I read it daily as it sits on the floor of my bedroom (one day I’ll finish decorating!) It speaks to me as a teacher with thousands of unique students having passed through my classroom, thousands more yet to come, and around 180 this coming school year.
Known as the serenity prayer, I bought this item to remind myself to use wisdom to balance the variables over which I have control (requiring courage), and variables over which I do not have control (requiring serenity). I’ve tried to remember this when doing the best I can to help students grow.
As I grow as a social studies teacher and an activist, it has dawned on me that the prayer (IMHO) is mislabeled and treats courage and serenity as having an either/or relationship rather than relating as cause-effect.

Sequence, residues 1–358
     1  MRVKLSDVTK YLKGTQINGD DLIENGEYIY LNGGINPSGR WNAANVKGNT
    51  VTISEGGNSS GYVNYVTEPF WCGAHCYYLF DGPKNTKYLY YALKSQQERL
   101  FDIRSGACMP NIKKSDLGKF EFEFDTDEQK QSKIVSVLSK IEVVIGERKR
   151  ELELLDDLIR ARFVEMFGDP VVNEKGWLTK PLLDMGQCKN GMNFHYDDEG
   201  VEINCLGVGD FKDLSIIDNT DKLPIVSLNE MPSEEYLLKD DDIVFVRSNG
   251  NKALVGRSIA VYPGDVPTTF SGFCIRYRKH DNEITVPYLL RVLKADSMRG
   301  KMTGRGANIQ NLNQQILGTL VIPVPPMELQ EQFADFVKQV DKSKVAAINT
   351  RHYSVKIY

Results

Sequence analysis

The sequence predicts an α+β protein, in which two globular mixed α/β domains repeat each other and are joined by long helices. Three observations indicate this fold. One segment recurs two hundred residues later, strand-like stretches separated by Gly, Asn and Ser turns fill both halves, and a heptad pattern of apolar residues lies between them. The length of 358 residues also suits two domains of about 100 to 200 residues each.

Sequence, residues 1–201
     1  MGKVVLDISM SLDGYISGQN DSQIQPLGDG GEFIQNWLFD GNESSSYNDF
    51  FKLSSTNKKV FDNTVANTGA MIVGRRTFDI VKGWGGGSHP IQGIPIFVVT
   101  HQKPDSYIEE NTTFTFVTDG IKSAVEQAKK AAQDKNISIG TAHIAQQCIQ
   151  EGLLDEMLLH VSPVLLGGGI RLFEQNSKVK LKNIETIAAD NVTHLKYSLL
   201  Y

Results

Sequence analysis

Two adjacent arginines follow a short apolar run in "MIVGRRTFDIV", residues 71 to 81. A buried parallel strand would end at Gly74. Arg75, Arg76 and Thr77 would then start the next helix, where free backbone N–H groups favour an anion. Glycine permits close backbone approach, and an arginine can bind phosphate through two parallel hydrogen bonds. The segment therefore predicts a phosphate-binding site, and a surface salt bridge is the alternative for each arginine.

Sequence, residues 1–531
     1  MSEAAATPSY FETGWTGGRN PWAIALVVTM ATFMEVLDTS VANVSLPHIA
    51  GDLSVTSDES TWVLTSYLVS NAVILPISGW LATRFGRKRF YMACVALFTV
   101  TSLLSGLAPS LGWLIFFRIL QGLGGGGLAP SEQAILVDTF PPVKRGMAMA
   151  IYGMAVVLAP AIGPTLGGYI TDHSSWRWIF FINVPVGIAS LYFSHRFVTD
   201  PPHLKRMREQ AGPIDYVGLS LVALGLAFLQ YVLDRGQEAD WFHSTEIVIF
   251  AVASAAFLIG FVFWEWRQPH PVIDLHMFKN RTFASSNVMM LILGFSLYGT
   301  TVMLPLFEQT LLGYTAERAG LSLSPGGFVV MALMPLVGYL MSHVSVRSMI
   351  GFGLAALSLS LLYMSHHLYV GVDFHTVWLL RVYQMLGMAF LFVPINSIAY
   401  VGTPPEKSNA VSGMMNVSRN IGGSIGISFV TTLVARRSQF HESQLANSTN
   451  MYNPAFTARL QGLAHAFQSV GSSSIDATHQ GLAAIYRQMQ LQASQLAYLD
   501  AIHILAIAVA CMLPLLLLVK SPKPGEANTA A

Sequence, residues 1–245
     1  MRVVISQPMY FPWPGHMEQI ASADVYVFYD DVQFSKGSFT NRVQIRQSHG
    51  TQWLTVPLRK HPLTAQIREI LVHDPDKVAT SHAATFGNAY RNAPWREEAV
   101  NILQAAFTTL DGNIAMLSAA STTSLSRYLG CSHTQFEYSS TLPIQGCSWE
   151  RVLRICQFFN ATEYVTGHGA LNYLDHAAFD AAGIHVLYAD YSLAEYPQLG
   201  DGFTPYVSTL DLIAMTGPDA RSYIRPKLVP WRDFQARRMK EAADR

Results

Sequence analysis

My faith pushes me to care for those not only in my nest, or on my tree, but throughout the forest.
Our Constitution empowers and expects us to be informed and engaged citizens working toward a “more perfect union.”
These commitments require courage in order to enhance our serenity.
When facing difficulties we are called to show courage in the face of difficulty and make serenity, not find it.
Ideas and actions formerly seen as courageous have contributed to the pieces of serenity we currently enjoy.
If we are to fail in applying wisdom to know the difference, let us err on the side of exercising too much courage rather than err in missed opportunities to enhance serenity because we lacked the courage in moments big and small.